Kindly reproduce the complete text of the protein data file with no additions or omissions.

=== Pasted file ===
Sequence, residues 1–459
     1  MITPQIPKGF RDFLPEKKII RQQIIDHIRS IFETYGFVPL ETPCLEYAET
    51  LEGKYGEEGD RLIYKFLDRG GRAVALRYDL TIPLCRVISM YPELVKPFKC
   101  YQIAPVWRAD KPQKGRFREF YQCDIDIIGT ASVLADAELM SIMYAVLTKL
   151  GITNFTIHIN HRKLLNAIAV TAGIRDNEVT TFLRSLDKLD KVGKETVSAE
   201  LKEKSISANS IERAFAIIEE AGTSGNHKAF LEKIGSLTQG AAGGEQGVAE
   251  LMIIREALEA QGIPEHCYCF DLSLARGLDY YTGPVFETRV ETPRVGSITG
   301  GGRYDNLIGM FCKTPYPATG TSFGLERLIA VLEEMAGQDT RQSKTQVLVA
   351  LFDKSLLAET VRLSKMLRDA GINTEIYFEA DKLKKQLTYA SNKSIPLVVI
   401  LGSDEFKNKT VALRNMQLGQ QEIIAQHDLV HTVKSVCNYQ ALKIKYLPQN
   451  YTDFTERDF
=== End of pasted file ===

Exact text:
Sequence, residues 1–459
     1  MITPQIPKGF RDFLPEKKII RQQIIDHIRS IFETYGFVPL ETPCLEYAET
    51  LEGKYGEEGD RLIYKFLDRG GRAVALRYDL TIPLCRVISM YPELVKPFKC
   101  YQIAPVWRAD KPQKGRFREF YQCDIDIIGT ASVLADAELM SIMYAVLTKL
   151  GITNFTIHIN HRKLLNAIAV TAGIRDNEVT TFLRSLDKLD KVGKETVSAE
   201  LKEKSISANS IERAFAIIEE AGTSGNHKAF LEKIGSLTQG AAGGEQGVAE
   251  LMIIREALEA QGIPEHCYCF DLSLARGLDY YTGPVFETRV ETPRVGSITG
   301  GGRYDNLIGM FCKTPYPATG TSFGLERLIA VLEEMAGQDT RQSKTQVLVA
   351  LFDKSLLAET VRLSKMLRDA GINTEIYFEA DKLKKQLTYA SNKSIPLVVI
   401  LGSDEFKNKT VALRNMQLGQ QEIIAQHDLV HTVKSVCNYQ ALKIKYLPQN
   451  YTDFTERDF